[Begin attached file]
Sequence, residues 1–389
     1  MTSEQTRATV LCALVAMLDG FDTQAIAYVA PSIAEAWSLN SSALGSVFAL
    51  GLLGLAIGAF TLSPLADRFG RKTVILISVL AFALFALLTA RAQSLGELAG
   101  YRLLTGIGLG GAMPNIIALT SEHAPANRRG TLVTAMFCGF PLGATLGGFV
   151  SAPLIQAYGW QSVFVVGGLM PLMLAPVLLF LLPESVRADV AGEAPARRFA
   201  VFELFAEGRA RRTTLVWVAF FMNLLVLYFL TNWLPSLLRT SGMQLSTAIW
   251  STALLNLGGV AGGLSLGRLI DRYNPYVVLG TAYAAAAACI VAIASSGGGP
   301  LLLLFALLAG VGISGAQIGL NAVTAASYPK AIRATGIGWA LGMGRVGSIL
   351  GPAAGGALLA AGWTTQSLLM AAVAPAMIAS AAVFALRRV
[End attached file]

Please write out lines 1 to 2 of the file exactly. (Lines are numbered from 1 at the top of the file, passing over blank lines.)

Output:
Sequence, residues 1–389
     1  MTSEQTRATV LCALVAMLDG FDTQAIAYVA PSIAEAWSLN SSALGSVFAL